After what was maybe the worst November and December of my work life from a mental health standpoint, I could not wait for the office to close for the holidays. Even though I was working remotely most of the time, I had been working hours that are not sustainable for anyone long term – I needed a break. My family needed me to take a break. The entire world probably needed a break (2020, y’all). I was doing the very best I could, but I was at my limit. I felt it. I was irritable, cried at the drop of a hat, had no patience with my kids and even less with my husband (shoutout to my husband for being an absolute saint). Something had to give.
I told myself I was taking some time OFF the week of Christmas. I needed to breathe. I needed to relax. I needed no one to need me for a few hours. I needed to take care of me.
I spent the first few days of my “break” putting out fires at work and making lists of things to do once I was back from my “break.” I answered phone calls in between wrapping presents, sent emails while watching Christmas movies with my family, and pushed back a visit to the zoo with my kids because a client told me that a certain, non-emergent item needed to be done that second. On Christmas Eve I made sure to make myself available to finalize a settlement before celebrating Christmas with my mom.
The entire week my chest was tight with anxiety. The feeling was impossible to shake, which made it impossible to relax. I was in a persistent state of panic and there was nothing I could do about it (and I’m on anti-anxiety medication and regularly see a therapist—the feeling would not dissipate). I knew this was not healthy.
At last, though, by the end of the day Christmas Eve, people started to leave me alone. I felt the tension begin to subside. Maybe, I thought, just maybe, by the time Sunday came around the tension would be gone and I could get myself into the right frame of mind to knock out a few things on Monday.
Then, it happened.
On Christmas. On. CHRISTMAS.
It was not emergent, and something that could have been dealt with on Monday.
Still, that email was enough to send that anxiety and tension back through the roof. All the progress I’d made, gone. I started to cry.
Why would someone email me regarding work on Christmas?
I immediately looked at my husband.
I texted a girlfriend. Same response.
This is not healthy.
It was in that moment, and with a little push from my a colleague that I took my work e-mail off my personal phone. Why was I even looking at my work email on Christmas?
Now, I’ve carried two phones for about a year. At first it was a little annoying carrying two phones around everywhere, but over time it gave me the framework for establishing BOUNDARIES. I have one cell phone for work, and one for personal use. I don’t share my personal number with work contacts and vice versa (unless a personal contact wants to hire me and then they go through the work phone for all work-related matters). I initially started doing this when my oldest daughter was 2 because it takes children ZERO time to learn how to lock your device for an extensive amount of time. Up until Christmas, I still kept my work email on both phones “just in case.”
Well, “just in case” allowed clients and colleagues alike to break down my boundaries and take away any time I had away from work.
It allowed them to do this, because I allowed it to happen.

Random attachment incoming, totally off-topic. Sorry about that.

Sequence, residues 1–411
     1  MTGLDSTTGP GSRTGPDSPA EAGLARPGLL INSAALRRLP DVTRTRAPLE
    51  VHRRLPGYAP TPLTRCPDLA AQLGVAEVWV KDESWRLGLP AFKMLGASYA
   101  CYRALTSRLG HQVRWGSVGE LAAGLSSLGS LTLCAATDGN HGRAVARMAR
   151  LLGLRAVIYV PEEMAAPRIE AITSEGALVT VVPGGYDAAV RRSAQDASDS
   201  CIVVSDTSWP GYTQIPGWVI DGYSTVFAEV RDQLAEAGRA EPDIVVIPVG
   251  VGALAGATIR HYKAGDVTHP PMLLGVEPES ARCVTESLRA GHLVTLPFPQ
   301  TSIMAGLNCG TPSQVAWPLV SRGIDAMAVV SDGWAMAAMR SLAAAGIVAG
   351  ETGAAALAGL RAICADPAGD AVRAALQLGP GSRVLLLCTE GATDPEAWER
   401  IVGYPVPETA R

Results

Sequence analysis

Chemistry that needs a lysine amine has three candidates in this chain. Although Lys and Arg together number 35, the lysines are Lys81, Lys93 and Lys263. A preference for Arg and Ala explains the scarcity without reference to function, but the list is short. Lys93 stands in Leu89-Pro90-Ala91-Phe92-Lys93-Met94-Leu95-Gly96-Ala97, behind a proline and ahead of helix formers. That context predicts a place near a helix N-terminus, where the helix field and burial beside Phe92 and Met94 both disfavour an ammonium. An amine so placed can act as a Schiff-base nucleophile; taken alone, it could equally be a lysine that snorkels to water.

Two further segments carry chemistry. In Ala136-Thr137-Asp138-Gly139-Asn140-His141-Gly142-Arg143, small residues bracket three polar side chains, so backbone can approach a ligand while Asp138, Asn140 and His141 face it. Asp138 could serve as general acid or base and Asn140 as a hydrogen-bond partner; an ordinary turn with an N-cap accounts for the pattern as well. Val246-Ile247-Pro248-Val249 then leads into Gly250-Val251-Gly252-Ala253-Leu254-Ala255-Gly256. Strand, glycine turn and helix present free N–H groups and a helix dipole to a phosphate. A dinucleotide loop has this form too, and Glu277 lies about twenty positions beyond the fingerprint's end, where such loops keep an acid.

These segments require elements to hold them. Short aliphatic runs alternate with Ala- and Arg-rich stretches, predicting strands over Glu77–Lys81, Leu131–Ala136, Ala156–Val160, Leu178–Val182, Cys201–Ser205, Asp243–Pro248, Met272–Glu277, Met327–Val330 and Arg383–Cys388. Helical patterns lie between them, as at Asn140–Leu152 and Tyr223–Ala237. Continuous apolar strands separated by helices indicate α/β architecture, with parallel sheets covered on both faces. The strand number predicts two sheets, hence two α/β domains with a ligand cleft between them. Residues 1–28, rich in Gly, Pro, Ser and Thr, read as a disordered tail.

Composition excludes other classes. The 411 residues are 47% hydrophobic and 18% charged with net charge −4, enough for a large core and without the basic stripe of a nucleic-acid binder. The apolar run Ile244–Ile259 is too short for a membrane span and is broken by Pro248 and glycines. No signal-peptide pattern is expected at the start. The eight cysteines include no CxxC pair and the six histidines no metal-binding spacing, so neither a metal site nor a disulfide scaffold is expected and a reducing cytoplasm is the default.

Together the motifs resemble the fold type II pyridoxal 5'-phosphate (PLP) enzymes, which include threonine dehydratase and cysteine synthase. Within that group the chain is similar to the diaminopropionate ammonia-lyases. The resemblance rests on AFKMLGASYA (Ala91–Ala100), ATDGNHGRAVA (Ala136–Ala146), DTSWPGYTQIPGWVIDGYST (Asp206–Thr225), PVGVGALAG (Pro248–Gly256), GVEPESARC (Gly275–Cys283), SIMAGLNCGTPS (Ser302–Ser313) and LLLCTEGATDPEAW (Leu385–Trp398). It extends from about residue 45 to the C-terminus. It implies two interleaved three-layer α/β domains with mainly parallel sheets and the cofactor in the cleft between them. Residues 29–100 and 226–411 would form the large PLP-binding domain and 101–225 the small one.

Did the sender of the work email I received on Christmas intend for me to cry and spin into an anxiety attack on receipt? Probably not. Actually, I’m sure not. I really like this particular person that sent this particular email. But by keeping my work email on my personal phone, where it automatically pushes to notify me of new emails, there it was.
Immediately, my new goal became learning how to set boundaries. First step—get my work email OFF my personal phone. Next step, only check my work phone when “working.”
The first 10 minutes after making the decision to take my work email off my personal phone were probably the hardest. I added it back twice just to see if that same person responded.
But then I reminded myself—IT IS CHRISTMAS. While I was at it, I also reminded myself:
- I am allowed to take a break.
- I am not required to respond.
- I need to take care of myself.
- Boundaries are healthy (also, why don’t I have any?).
Your profession or daily life may look different than mine, but the message doesn’t change—set. those. boundaries. You need them. Whether it be with a job, a friend, or family member—boundaries are healthy.
It’s now been about a month since I removed my work email from my personal phone. No one has been mad at me that I didn’t respond until next day, nothing has come up that couldn’t be handled, and at least 30 times after venting about my November and December a superior has reminded me that I need to take care of myself. Works seems… fine. Was I putting this stress…on myself?
Now that I don’t really miss the email on my personal phone, I’ve started putting my work phone away when I’m not working. Each day it takes discipline to leave it alone, but I’m getting better. I’ve even stopped checking email right when I wake up. Instead, I wait until I’m ready to start my workday, so I can sit down and focus. I feel better. Hopefully, this is just the beginning of setting healthy boundaries in my life, so I can be there with clarity for my family. So if you were waiting for a sign, here it is. Set those boundaries, mama, whatever that may look like for you. It’s one of the best things I’ve done for myself, and I know it will be for you, too!